name: default

So that’s basically it, with a little bit of code I’ve reduced the amount of configuration that needs to be done to deploy the app on a per namespace/cluster basis. The complete code is below appears below.

package com.redhat.demo;
import java.util.Map;
import static java.util.Map.entry;
import java.util.List;
import javax.enterprise.context.ApplicationScoped;
import javax.enterprise.event.Observes;
import javax.inject.Inject;
import io.fabric8.kubernetes.api.model.LabelSelector;
import io.fabric8.kubernetes.api.model.LabelSelectorBuilder;
import io.fabric8.openshift.api.model.Route;
import io.fabric8.openshift.client.OpenShiftClient;
import io.quarkus.runtime.ShutdownEvent;
import io.quarkus.runtime.StartupEvent;
import org.eclipse.microprofile.config.ConfigProvider;
import org.jboss.logging.Logger;
public class OpenShiftSettings {
    private static final Logger LOGGER = Logger.getLogger("ListenerBean");
    OpenShiftClient openshiftClient;
    void onStart(@Observes StartupEvent ev) {
        // Test if we are running in a pod
        String k8sSvcHost = System.getenv("KUBERNETES_SERVICE_HOST");
        if (k8sSvcHost == null || "".equals(k8sSvcHost)) {
            LOGGER.infof("Not running in kubernetes, using CORS_ORIGIN environment '%s' variable",
                    ConfigProvider.getConfig().getValue("", String.class));
        if (System.getenv("CORS_ORIGIN") != null) {
            LOGGER.infof("CORS_ORIGIN explicitly defined bypassing route lookup");
        // Look for route with label endpoint:client
        if (openshiftClient.getMasterUrl() == null) {
  "Kubernetes context is not available");
        } else {
            LOGGER.infof("Application is running in OpenShift %s, checking for labelled route",
            LabelSelector selector = new LabelSelectorBuilder()
                    .withMatchLabels(Map.ofEntries(entry("endpoint", "client"))).build();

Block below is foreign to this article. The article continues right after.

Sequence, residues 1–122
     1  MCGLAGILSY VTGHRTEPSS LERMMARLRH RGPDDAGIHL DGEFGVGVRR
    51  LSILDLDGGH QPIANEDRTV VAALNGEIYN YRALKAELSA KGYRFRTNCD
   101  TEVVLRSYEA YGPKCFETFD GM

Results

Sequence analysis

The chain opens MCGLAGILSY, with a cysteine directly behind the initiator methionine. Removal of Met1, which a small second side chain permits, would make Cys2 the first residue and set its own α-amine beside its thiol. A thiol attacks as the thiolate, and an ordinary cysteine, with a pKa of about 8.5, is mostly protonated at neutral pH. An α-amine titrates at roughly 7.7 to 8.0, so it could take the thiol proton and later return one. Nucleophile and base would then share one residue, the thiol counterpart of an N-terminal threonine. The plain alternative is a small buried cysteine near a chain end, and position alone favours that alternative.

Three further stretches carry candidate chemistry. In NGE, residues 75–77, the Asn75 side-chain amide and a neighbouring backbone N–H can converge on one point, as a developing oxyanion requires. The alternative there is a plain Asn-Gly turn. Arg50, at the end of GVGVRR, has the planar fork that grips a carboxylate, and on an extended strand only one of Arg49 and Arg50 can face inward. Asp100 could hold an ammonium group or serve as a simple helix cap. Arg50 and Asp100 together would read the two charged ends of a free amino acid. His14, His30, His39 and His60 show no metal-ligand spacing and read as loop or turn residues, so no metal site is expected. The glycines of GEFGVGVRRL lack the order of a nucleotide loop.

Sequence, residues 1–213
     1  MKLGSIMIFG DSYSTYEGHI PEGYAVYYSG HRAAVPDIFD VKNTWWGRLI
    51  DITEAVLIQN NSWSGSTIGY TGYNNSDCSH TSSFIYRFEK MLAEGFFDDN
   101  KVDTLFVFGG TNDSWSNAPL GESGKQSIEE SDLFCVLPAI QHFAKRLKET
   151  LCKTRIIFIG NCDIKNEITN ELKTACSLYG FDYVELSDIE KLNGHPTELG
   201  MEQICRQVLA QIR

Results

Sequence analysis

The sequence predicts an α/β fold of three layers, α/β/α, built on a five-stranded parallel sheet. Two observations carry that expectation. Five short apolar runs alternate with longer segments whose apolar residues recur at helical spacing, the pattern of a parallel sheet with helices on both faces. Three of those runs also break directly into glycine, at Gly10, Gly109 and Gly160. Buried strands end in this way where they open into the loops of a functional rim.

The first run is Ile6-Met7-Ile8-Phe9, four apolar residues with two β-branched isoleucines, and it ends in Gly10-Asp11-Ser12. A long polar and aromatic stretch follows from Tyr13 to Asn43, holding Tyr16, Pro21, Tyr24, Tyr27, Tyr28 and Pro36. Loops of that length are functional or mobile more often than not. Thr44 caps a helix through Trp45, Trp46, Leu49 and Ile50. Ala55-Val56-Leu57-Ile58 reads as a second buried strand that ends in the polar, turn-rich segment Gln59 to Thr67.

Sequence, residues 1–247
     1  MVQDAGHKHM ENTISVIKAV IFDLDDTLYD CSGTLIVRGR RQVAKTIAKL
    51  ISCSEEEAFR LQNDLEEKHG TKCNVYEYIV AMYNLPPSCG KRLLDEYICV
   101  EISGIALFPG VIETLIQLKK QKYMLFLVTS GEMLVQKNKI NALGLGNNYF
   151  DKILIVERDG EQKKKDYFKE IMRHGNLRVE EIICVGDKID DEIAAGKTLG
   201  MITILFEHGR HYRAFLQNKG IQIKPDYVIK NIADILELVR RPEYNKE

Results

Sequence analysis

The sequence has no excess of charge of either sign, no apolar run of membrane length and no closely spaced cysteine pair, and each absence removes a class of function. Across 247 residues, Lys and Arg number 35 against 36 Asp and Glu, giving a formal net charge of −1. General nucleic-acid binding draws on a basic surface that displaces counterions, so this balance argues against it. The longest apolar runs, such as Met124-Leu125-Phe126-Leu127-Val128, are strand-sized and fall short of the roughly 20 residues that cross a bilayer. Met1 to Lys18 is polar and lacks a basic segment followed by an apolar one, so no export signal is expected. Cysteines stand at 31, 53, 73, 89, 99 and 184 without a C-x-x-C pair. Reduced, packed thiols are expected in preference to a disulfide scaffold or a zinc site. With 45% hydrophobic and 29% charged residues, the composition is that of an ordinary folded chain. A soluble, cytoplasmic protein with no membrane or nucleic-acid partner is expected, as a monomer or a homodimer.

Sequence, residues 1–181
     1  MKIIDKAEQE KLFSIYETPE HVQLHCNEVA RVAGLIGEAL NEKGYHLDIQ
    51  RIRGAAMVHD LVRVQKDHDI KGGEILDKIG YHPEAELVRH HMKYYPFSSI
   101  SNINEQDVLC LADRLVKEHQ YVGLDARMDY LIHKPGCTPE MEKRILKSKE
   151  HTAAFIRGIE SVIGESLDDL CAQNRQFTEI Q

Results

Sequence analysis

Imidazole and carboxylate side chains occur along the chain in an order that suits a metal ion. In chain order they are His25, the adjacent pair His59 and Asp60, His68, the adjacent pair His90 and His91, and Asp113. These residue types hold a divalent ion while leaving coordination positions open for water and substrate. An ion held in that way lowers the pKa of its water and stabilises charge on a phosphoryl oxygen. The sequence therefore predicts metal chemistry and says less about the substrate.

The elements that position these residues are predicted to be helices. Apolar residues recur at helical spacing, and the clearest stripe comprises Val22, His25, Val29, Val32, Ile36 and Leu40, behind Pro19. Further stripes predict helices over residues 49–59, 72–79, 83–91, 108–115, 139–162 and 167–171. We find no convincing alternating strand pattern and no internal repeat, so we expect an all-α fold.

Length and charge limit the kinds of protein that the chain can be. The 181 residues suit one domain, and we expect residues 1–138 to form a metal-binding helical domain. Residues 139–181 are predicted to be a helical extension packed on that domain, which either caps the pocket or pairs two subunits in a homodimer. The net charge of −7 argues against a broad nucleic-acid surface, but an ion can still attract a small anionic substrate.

List<Route> routes = null;
            try {
                routes = openshiftClient.routes().withLabelSelector(selector).list().getItems();
            } catch (Exception e) {
      "Unexpected error occurred retrieving routes, using environment variable CORS_ORIGIN", e);
            if (routes == null || routes.size() == 0) {
      "No routes found with label 'endpoint:client', using environment variable CORS_ORIGIN");
            } else if (routes.size() > 1) {
                LOGGER.warn("More then one route found with 'endpoint:client', using first one");
            Route route = routes.get(0);
            String host = route.getSpec().getHost();
            boolean tls = false;
            if (route.getSpec().getTls() != null && "".equals(route.getSpec().getTls().getTermination())) {
                tls = true;
            String corsOrigin = (tls ? "https" : "http") + "://" + host;
            System.setProperty("", corsOrigin);
        LOGGER.infof("Using host %s for cors origin",
                ConfigProvider.getConfig().getValue("", String.class));
    void onStop(@Observes ShutdownEvent ev) {"The application is stopping...");

This code is also in my public repository.